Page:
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Bargylia

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Bargylia

Bargylia was an ancient city on the coast of Caria in southwestern Anatolia (modern-day Turkey) between Iasos and Myndus. Bargylia's location corresponds to the modern Turkish town of Boğaziçi in Muğla Province.

The city was said to have been founded by Bellerophon in honour of his companion Bargylos, who had been killed by a kick from the winged horse Pegasus. Near Bargylia was the Temple of Artemis Cindyas. Strabo reports the local belief that rain would fall around the temple but never touch it.[1] Artemis Cindyas and Pegasus appear on coinage of Bargylia.

In 201/200 BC during the Cretan War King Philip V of Macedon wintered his fleet in Bargylia when he was blockaded by the Pergamene and Rhodian fleets.[2]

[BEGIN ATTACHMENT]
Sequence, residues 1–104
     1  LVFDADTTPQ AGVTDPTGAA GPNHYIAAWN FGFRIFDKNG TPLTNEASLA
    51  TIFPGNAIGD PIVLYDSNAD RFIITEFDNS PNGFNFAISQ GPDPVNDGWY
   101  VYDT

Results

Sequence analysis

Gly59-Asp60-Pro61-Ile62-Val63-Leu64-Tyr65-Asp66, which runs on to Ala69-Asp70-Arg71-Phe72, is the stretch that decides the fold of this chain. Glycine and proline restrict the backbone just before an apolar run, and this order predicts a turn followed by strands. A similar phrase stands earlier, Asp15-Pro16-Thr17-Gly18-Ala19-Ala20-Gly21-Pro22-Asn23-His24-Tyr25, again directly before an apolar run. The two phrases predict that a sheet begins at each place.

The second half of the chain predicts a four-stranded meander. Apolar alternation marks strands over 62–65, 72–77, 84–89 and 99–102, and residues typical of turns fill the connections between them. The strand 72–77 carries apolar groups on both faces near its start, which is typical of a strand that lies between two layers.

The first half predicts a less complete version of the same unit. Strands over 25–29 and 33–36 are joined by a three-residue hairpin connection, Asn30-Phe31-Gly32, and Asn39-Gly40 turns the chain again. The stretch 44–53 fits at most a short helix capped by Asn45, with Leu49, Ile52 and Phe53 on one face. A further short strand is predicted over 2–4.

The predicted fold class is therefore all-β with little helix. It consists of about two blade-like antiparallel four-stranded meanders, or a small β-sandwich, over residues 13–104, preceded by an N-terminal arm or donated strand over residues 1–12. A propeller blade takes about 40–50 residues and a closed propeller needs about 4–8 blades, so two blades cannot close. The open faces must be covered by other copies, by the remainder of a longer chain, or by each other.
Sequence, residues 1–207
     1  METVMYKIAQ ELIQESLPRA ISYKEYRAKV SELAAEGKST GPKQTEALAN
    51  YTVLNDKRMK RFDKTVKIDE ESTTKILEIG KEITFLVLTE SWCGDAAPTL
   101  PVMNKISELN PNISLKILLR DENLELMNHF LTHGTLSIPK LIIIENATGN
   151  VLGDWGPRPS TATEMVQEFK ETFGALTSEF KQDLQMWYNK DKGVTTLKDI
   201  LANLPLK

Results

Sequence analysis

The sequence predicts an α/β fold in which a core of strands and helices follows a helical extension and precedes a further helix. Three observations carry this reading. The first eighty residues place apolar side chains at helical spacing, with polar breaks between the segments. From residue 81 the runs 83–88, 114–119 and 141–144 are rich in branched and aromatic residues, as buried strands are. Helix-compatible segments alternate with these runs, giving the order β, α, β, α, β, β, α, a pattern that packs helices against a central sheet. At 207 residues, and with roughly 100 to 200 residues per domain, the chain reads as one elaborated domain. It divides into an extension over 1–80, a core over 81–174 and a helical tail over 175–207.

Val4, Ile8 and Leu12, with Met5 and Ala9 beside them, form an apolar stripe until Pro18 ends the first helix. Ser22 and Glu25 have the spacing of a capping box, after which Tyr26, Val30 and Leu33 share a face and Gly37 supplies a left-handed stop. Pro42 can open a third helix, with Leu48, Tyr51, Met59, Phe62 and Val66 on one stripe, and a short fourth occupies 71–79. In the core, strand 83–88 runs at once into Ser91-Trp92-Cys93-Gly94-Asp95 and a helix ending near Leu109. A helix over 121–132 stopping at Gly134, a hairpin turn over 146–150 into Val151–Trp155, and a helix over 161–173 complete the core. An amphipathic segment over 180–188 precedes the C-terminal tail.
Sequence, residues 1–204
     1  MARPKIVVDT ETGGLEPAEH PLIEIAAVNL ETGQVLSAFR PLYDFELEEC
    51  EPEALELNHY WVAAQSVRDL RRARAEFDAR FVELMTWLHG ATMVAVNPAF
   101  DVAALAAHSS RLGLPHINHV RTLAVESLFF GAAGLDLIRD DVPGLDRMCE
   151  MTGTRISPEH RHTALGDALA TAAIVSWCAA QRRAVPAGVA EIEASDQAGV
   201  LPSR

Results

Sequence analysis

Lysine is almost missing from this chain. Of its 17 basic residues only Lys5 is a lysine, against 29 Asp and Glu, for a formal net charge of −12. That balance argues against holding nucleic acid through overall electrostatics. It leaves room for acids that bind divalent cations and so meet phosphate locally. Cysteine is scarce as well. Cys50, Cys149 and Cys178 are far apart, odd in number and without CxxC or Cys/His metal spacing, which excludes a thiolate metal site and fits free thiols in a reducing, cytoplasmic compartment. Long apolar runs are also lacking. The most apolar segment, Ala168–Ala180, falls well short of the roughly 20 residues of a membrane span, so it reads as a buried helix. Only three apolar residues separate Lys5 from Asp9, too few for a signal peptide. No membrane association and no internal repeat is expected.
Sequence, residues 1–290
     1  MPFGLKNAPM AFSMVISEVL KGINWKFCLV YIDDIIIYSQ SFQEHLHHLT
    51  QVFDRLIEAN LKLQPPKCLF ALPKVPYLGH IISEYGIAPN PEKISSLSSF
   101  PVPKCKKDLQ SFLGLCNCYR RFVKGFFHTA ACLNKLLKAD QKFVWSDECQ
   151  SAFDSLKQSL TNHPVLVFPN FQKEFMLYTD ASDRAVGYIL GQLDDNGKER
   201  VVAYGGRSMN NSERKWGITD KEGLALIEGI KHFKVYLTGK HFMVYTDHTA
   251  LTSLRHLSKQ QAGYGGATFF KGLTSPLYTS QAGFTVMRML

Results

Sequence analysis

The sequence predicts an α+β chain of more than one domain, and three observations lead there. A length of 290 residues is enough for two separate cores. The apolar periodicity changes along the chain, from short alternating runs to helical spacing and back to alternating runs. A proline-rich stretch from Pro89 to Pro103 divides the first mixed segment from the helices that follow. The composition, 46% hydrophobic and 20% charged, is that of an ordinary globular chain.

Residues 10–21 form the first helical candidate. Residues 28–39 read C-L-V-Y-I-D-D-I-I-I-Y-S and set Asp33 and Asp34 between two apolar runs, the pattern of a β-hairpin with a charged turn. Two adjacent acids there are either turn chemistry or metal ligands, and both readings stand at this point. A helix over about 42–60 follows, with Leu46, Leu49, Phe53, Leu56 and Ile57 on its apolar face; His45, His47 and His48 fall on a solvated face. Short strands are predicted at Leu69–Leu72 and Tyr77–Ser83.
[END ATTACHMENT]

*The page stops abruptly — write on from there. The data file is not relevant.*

Protarchus the Epicurean philosopher, the mentor of Demetrius Lacon, was a native of Bargylia.

On a headland next to the harbour at Bargylia there once stood a large tomb monument. Dating from the Hellenistic period (between 200-150 BC), the monument was dedicated to the sea monster Scylla. The over life-size figure of Scylla, along with a group of deferential and expectant hounds, was originally located at the apex of the building. The remains of this sculptural group, along with other parts of the stone structure, can be found in the British Museum's collection.[3]

References

  1. ^ Strabo 14.2.21
  2. ^ Polybius 17.2
  3. ^ British Museum Collection [1]


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